If you are wondering what ESPN stands for, it’s not “extrasensory perception and noshing.” Literally, ESPN stands for Entertainment and Sports Programming Network. But philosophically, based on their 2018 Corporate Citizenship Report, one of the things that ESPN is standing for is “Using the power of sports to create social change.”
ESPN has evolved substantially since its founding in 1979 when its early broadcasts featured sportscasters wearing jackets with enormous lapels. Since then many of the lapels have shrunk but ESPN’s reach and range of activities have grown. ESPN now includes multiple television channels, a radio network, podcasts, digital content, a magazine, and ESPN+, an on-demand platform.
This puts ESPN in a unique position to help sports create social change. ESPN is involved in a number of such areas, ranging from supporting the V Foundation for Cancer Research to participating in campaigns to reduce food waste to tackling one of the biggest health problems in the U.S. today: declining physical activity, especially among kids.
A major contributor to this last problem has been decreasing sports participation among youth. As detailed by the Aspen Institute’s 2018 State of Play report, there’s been a drop in the percentage of youth who play regularly play team sports from 41.5% in 2011 to 37% in 2017. The numbers are even worse for kids from lower-income households: in 2017, only 34% of kids from households with annual incomes of less than $25,000 played a team sport for at least a day. That is just one day in the entire year. These numbers don’t bode well for the future as lower physical activity can significantly raise the risk of obesity, diabetes, cancer, heart disease, and a number of other health problems. Our computer modeling study published in Health Affairs showed that lack of physical activity among children is a multi-multi-billion dollar problem with costs arising from increased health care needs and lost productivity. As former New York Yankees catcher Yogi Berra once said, “The future ain’t what it used to be.”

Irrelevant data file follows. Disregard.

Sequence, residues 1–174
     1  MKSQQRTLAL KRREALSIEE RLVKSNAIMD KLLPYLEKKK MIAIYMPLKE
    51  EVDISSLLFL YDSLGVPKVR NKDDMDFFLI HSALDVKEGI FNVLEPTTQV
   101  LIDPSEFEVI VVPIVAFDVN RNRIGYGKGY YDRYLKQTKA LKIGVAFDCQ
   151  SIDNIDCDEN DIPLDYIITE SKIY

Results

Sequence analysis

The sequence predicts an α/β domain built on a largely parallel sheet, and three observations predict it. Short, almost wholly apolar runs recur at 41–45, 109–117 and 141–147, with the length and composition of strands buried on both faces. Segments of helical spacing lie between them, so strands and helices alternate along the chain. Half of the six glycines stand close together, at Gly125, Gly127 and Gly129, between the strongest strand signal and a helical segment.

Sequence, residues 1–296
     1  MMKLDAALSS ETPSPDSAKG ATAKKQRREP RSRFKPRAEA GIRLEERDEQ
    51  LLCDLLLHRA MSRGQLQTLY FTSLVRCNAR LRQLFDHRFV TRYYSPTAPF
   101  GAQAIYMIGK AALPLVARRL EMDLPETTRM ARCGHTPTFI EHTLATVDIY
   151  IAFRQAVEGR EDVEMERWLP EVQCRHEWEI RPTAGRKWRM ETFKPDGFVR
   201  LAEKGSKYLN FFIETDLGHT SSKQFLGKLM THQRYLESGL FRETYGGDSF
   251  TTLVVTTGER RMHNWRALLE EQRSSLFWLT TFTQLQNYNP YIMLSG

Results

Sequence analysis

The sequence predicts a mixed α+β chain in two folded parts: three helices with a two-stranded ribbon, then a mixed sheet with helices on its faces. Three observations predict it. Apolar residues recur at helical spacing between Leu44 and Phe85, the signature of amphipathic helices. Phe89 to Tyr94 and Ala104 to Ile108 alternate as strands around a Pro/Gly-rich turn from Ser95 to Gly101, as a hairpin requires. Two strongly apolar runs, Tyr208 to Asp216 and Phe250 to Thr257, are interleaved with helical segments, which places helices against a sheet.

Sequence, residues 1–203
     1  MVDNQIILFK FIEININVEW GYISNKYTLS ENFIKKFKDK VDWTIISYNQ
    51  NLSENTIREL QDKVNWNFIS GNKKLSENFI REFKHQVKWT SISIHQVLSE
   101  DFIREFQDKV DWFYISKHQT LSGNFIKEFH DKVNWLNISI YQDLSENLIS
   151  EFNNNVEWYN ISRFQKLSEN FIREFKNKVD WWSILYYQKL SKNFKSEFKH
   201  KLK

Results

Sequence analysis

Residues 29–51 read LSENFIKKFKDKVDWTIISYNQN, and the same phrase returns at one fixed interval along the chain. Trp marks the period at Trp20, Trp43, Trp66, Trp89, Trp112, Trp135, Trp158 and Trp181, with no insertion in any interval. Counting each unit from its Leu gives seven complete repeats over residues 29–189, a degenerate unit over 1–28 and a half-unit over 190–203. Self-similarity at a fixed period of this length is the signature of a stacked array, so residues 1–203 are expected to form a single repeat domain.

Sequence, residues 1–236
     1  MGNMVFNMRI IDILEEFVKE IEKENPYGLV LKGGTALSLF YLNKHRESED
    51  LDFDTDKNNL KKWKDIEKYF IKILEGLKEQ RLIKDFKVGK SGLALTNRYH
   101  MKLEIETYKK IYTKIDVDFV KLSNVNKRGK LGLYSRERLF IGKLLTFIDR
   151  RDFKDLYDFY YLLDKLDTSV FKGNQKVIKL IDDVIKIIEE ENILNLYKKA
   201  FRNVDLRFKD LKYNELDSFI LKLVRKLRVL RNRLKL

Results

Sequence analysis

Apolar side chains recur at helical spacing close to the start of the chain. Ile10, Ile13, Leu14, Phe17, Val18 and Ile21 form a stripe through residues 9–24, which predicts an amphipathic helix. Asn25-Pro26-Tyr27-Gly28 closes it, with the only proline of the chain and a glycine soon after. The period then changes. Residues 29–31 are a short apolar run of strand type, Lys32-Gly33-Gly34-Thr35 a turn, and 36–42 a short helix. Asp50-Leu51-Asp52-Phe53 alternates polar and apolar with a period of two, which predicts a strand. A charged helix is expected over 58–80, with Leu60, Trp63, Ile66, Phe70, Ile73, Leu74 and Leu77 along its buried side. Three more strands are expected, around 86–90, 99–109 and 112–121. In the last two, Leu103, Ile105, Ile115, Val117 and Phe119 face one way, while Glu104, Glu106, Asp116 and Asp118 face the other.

Finding ways to improve sports participation among youth is well-aligned with ESPN’s core business. After all, people are probably more likely watch or watch commentary about a sport that they themselves have played. That’s probably why Ga-ga ball (which has nothing to do with Lady Gaga), cheese rolling, and underwater hockey are not getting much airtime. Moreover, ESPN has first-hand knowledge of what is needed to increase sports participation and the many benefits that such participation may have. Kevin Martinez, Vice President, ESPN Corporate Citizenship, said in the 2018 Corporate Citizenship Report that “We believe that sports plays an enormous role in helping youth and adults reach their fullest human potential both on and off the field.”
That report laid out four problems that are hindering youth sports participation and the ways that ESPN is trying to tackle these problems: